Wednesday, May 2nd, 2018


THE MODERATOR: Good afternoon, everybody. Welcome to today’s Kentucky Derby conference call. As a reminder, the coverage is highlighted by the 144th Kentucky Derby this Saturday, May 5th at 2:30 p.m. eastern on NBC for a record five-hour show, part of three days of coverage which kicks off tomorrow, Thursday, on NBCSN. With that we’ll take an opening comment from each participant and then we will take your questions. Rob, lead us off.

ROB HYLAND: Thanks, Dan. I kind of sound like a broken record every year we do this call. 17 years ago, I was part of our first Kentucky Derby on NBC, and I was talking to Mike Tirico about this earlier today. It was a 90-minute show with a couple features, a couple reporters, a couple interviews and a race. This year with a team of 15 announcers, a production staff of nearly 300 men and women, we’re on the air for, as Dan just noted, three days, culminating with the five hours on NBC on Saturday. It’s safe to say we’ve come a very long way. We’ve got a very good plan in place for this year’s Kentucky Derby, and I’m excited to kick things off this weekend.

MIKE TIRICO: Hey, good afternoon, everyone. Biggest day in horse racing and the biggest show in horse racing. This is a very unique experience. It’s the Super Bowl pregame show wrapped around five horse races, which includes the biggest race of the year. So it’s worthy of the time, the attention, and last year was my first, and I benefit every second that I’m around our incredible team of folks who cover the races day in, day out, week in, week out, and continue to enjoy being around not just these folks but the people of horse racing. It’s a great opportunity to tell some stories about the sport, about the people who make the sport so vibrant, and so enjoy really one of those bucket list American sports events.

I’ll share this: A lot of folks have asked me, wow, you did the Derby; it must be fun. I said, I don’t know how fun it is because we’re on the air for about five hours, but I know everyone around us is having a great time, and there aren’t many places you go that you can say that. Honored to be back, and look forward to the rest of this week here in Louisville.

JERRY BAILEY: This will be, I think I was counting, Derby No. 33 for me in attendance, and as I was looking over the field, up until yesterday, it dawned on me that I think this is the best top-to-bottom Kentucky Derby field that I have ever seen. I mean, America loves excellence and perfection in sports. You have a horse in Justify that’s undefeated, so we don’t know what his potential is. You have an international horse, Mendelssohn, coming from Europe. So it’s got a little bit of everything. But as I counted, at least eight or nine horses could win, and it wouldn’t surprise me in the least. Very, very deep field.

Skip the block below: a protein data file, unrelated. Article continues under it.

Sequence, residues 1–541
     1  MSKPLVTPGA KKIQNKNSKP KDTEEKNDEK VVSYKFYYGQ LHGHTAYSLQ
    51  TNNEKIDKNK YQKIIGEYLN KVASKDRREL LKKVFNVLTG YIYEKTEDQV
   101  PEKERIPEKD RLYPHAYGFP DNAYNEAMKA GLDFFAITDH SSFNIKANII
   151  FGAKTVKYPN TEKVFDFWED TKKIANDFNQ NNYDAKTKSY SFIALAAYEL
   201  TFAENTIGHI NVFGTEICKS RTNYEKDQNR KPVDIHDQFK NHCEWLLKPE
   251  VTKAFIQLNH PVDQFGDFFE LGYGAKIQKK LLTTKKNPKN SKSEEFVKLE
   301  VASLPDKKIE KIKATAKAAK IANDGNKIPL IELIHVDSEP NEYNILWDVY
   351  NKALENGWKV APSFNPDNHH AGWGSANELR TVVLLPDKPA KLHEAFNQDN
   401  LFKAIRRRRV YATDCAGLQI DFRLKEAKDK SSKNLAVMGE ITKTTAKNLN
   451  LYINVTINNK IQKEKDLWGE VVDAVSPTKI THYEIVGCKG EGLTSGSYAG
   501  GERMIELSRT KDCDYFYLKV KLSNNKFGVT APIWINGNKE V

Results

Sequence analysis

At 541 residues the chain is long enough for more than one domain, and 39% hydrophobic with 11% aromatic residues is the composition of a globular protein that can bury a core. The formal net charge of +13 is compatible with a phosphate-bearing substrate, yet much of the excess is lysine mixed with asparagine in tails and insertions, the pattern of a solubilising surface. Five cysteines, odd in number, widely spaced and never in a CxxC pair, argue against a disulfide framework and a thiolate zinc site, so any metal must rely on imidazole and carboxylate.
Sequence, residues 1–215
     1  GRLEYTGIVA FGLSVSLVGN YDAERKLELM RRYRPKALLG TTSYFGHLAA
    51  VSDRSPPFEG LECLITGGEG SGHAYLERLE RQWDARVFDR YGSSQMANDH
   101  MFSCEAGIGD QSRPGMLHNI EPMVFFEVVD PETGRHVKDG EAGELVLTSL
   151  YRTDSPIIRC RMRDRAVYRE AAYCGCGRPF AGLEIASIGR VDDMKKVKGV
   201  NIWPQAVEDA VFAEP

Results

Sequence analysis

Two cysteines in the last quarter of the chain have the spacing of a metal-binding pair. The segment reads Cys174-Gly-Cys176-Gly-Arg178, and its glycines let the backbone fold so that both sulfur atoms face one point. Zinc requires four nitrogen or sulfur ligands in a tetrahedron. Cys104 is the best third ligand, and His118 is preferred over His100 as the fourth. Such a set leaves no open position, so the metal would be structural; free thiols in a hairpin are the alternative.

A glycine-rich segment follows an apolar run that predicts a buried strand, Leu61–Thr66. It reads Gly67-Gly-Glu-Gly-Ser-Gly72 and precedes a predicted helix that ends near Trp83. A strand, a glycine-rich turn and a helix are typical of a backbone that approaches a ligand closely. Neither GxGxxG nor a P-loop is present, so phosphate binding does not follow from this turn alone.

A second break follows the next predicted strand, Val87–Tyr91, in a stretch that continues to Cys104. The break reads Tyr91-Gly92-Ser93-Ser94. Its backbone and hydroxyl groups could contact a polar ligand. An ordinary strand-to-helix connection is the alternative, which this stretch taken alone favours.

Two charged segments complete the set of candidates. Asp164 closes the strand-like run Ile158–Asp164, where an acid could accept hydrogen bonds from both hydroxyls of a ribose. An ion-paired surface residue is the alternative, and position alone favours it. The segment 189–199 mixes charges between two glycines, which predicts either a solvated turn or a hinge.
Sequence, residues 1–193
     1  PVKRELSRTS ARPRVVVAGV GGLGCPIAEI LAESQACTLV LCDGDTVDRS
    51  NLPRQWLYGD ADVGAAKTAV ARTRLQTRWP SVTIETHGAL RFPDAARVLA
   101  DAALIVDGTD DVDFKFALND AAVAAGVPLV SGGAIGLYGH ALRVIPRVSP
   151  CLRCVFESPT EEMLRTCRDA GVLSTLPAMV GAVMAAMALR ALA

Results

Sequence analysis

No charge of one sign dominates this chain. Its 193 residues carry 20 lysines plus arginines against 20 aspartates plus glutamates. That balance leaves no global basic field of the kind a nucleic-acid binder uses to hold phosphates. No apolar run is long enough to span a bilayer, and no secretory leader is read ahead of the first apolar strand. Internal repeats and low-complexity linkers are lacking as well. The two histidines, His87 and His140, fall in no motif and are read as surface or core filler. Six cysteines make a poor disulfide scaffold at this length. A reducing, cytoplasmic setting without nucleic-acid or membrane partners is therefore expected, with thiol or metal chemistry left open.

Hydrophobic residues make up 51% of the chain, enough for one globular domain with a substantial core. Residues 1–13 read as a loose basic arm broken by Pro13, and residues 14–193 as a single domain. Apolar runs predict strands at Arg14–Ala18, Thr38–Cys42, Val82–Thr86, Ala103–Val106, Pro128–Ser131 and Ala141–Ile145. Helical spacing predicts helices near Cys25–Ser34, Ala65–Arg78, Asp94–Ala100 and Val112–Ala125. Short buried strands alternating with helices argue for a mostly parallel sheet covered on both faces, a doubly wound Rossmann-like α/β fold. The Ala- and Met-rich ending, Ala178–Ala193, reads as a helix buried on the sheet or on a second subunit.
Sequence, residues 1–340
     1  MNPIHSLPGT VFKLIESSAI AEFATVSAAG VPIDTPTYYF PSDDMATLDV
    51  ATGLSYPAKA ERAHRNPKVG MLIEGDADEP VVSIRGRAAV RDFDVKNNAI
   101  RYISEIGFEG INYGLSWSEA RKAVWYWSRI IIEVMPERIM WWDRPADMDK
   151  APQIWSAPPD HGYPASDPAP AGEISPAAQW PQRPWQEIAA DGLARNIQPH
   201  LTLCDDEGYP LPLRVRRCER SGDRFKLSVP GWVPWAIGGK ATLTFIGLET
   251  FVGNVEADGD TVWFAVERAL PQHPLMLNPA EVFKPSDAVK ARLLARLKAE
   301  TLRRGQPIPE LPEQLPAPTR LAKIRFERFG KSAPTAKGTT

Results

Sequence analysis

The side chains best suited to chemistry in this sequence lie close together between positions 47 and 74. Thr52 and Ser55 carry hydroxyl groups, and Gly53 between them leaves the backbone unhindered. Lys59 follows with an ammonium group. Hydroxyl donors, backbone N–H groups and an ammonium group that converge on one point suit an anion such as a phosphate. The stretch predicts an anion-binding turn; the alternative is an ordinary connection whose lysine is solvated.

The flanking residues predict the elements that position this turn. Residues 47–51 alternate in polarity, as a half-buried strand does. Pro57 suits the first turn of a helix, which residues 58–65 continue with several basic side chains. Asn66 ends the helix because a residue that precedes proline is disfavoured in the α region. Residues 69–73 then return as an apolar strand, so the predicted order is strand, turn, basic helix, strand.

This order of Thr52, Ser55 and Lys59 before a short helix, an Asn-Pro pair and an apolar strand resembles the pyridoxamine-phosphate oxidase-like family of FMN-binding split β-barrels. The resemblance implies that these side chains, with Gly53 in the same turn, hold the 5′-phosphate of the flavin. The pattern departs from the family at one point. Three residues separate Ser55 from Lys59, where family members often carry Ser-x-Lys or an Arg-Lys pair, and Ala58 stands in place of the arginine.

RANDY MOSS: Yeah, piggy-backing on what Jerry said, a very deep field, but a very, very fast field, as well. A lot of times when we say the Derby is competitive, it’s competitive because none of the horses have really separated themselves by running really fast races. They’re all just sort of fair to middling. This year there’s a lot of really good horses, and there’s also good story lines. Justify has looked like he could be any kind of horse, but yet he’s only run three times. It’s been a century and a quarter since a horse won the Kentucky Derby that didn’t run at all as a two year old, so he’s got a lot of history to buck.

And then of course the horse that Jerry mentioned, Mendelssohn, coming over from Ireland, arguably if you took an international poll, the best trainer in the world in Aidan O’Brien, the best jockey in the world in Ryan Moore, trying to win the Kentucky Derby for the very first time. They dominated European racing in England and Ireland specifically. And they’ve won Breeders’ Cup races over here on the grass, but they’ve never come close to winning the Kentucky Derby, so that’s another cool story line.

EDDIE OLCZYK: Good afternoon. As a handicapper in this race, and Jerry and Randy touching on it, there is a lot of value in this race, and that’s something as a horse player and somebody looking to make some money on Saturday at our biggest event, even if the favorite wins or hits the board, still there’s going to be great opportunity because it is such a wide-open race, it’s just a matter of coming up with the right combinations to be able to go ahead and put some extra money in your pocket, and that’s one thing as a handicapper you look at. You look at the full field and you try to break it down and come up with different combinations. So from that point of view, we’ll have lots of opportunity. I don’t think you’re going to have to invest a whole heck of a lot in order to be able to have a real successful day.

It’s great to be back on this team. We have incredible leadership with Rob Hyland. It is great to be a part of this team, as I’ve been here the last couple of years, and on a personal note, I would like to just say that this has been the best medicine I’ve had in a long time getting back to hockey and horse racing after my battle with stage 3 colon cancer, and this was one of the target dates I put on my calendar back in early September, that I was going to do everything in my power to be back and be part of our horse racing family, and I’d just like to thank them for all their support over the course of the last seven months.

When I talked to Rob back in September, I promised him that I would be back here for the first Saturday in May, and I was up for that promise, and I’m looking forward to my part, and it’ll be a real special day on Saturday.

LARRY COLLMUS: Hard to believe it was about seven years ago I got a phone call very unexpectedly from NBC Sports asking me if I’d be interested in calling the most famous horse race in the world back in 2011, so this will be my eighth Kentucky Derby for NBC Sports. It doesn’t feel like it, and I’ll tell you what, it never gets old, and it never gets easier. Every year it is the most challenging horse race there is to call for me because not only are there 20 horses, but you also are calling a race with just incredible magnitude.